Michail Antonio’s rise from non-league star to getting an England call-up interestingly mirrors that of Leicester City star Jamie Vardy. Both came from semi-professional football to eventually reach the promised land of Premier League and international football, albeit with setbacks and obstacles along the way.
For Antonio, his story encapsulates the beauty of football: a teenager playing for his local inner-city club, not for fame or glory, but for the pure enjoyment of the game, who managed to work hard and turn sport into a full-time career.
Tooting is an area of South London famous for its Asian influence; a walk down the busy high street reveals an abundance of Indian sweet shops and a variety of restaurants influenced by the Sri Lankan, Pakistani, Indian and Afghan immigrants that settled down in the area over the years.
The local football team is combined with neighbouring area Mitcham and is therefore aptly named Tooting and Mitcham FC, yet, as with many non-league sides, particularly within London where the population is constantly changing, the team gets little support outside of the die-hard fans. The club plays its football at Imperial Fields, a modern, compact stadium built in 2002 that has a capacity of 3,500, yet Tooting and Mitcham games average gates of around 130 fans.
However, Tooting and Mitcham FC is exactly where the remarkable rise of Michail Antonio begins. Having grown up in the borough of Wandsworth where Tooting is located, it was a logical step for Antonio’s first foray into football to be at his local club. He had an offer to play for Tottenham’s academy when he was 14 but the journey from south to north London was simply too long and it was declined.
This determination to forge his own path was exactly what led him to turn down an appealing offer to play for Jamaica in 2015, believing that he could one day represent England by this point.
Incidentally, Antonio went to the same school and was in the same class as Colchester United defender Matthew Briggs, who holds the record for being the youngest Premier League player of all-time when he played for Fulham aged 16 in 2007, as well as Sutton United player Craig Eastmond who, after being at Arsenal for many years as a teenager, would sign a pro contract in 2009, aged 19. It would have been hard to predict back then that of the trio, Antonio of Tooting and Mitcham FC would be the only one playing Premier League football in 2016.
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It reveals the character of Antonio that he did not let the instant success of his classmates demoralise his own career playing at a semi-professional level; rather he began to work hard and make the most of his situation. Antonio had been at Tooting and Mitcham since he was 12, playing games for the youth sides but not actually taking part in any structured academy, and officially signed a contract with the club in 2007 aged 17 after impressing at a trial session at Figges Marsh, a small local park. He hasn’t looked back since.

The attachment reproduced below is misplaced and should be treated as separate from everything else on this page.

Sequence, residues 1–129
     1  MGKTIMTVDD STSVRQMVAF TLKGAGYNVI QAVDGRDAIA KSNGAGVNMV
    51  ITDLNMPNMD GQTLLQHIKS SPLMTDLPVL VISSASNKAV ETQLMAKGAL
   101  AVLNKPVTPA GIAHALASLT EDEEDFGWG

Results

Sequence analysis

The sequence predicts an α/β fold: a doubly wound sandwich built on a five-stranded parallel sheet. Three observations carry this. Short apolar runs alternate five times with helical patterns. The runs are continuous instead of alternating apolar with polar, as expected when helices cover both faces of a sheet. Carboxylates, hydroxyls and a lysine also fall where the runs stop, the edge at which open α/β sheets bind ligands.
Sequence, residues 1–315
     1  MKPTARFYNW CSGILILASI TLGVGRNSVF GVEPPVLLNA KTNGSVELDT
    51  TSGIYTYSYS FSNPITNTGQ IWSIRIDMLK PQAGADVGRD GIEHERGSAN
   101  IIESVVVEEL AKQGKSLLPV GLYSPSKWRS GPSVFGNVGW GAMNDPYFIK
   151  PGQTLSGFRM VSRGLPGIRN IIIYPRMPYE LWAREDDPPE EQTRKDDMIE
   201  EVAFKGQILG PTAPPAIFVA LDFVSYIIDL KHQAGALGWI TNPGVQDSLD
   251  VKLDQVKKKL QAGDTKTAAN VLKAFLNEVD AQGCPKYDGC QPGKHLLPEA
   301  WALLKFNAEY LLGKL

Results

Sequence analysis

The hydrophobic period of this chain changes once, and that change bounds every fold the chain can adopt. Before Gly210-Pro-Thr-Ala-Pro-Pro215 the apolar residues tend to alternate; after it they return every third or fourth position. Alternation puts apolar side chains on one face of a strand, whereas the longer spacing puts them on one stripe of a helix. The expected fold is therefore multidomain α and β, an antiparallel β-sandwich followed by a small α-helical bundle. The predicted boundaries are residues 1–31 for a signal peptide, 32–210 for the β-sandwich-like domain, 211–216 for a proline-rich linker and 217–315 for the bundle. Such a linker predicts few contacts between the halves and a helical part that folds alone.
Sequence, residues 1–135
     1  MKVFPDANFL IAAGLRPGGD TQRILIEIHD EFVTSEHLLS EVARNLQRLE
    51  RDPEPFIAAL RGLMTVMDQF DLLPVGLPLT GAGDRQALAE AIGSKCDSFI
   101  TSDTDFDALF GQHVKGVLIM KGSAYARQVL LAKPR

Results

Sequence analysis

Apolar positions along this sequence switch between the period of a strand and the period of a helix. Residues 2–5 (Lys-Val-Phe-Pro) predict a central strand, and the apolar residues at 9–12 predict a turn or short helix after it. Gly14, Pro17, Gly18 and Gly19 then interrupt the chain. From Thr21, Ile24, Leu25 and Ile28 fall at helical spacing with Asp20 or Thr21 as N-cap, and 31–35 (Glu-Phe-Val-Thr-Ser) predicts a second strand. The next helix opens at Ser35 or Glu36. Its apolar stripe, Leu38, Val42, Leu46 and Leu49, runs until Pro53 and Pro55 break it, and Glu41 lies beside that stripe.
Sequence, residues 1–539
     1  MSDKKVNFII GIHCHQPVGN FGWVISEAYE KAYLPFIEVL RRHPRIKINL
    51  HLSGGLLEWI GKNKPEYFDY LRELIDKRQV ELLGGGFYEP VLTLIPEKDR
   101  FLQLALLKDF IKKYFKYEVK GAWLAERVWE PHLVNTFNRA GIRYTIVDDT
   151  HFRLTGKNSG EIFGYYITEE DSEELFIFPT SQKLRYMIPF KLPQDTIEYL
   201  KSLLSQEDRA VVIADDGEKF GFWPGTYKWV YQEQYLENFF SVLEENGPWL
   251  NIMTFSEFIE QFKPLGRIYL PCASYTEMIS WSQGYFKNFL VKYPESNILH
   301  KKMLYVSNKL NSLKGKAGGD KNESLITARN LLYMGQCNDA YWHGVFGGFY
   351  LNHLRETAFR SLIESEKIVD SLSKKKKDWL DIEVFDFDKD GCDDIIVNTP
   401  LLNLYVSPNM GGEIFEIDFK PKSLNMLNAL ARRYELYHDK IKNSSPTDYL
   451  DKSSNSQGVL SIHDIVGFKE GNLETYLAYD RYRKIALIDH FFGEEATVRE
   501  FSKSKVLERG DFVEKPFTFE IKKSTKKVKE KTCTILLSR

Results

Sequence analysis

Tooting and Mitcham played in the Isthmian League Division One South at the time, the ninth tier of the footballing pyramid, and were managed by Billy Smith, who says: “He was a strong boy, quick, not as powerful as he is today, but you could see he wasn’t going to be staying with us for very long. There were times when he went past players like they weren’t there.”
Antonio was a hard-working, pacey and strong forward who caused havoc in the league: he scored 33 goals in the 45 games he played at Tooting and during the 2007-08 season and beginning of the 2008-09 season, making headlines in the local Wandsworth Guardian newspaper on a weekly basis. The freedom with which Antonio played with mirrored his footballing education; he was not taught in an academy so he played by pure instinct. That season, he was a major factor in Tooting earning promotion from the league via the play-offs.
When Antonio began the 2008-09 season at Tooting, his second at the club, he scored four goals in the first six league games before being taken on trial at Reading, who at the time were in the Championship. Remarkably, Reading signed him in October 2008 for £25,000, a record fee for Tooting and Mitcham that meant he jumped up five divisions by joining the Berkshire outfit. It was also an indicator of his raw talent as he was seen as being a player of potential Premier League quality even in 2008.
Fittingly, it was Alan Pardew who made the signing as manager of Reading, himself a South Londoner who played non-league football for years before joining Crystal Palace. That experience must surely have given him the belief that non-league players can make the grade at top professional clubs.
Antonio was even loaned back to Tooting in January 2009, picking up where he left off by scoring seven goals in nine games before going back to Reading. Subsequent loan deals followed for Antonio over the years, before he eventually joined Nottingham Forest and, most recently, West Ham United, where he has become a household name with a string of fine performances.
It would be easy for a player earning millions a year to forget his humble origins but that is not the case for Antonio; he frequently visits Tooting and Mitcham to take part in community work and help the youngsters at the club in his spare time, aiding kids who must surely be inspired by the meteoric rise of Antonio, a real local hero.
By Santokie Nagulendran. Follow @San_Toki_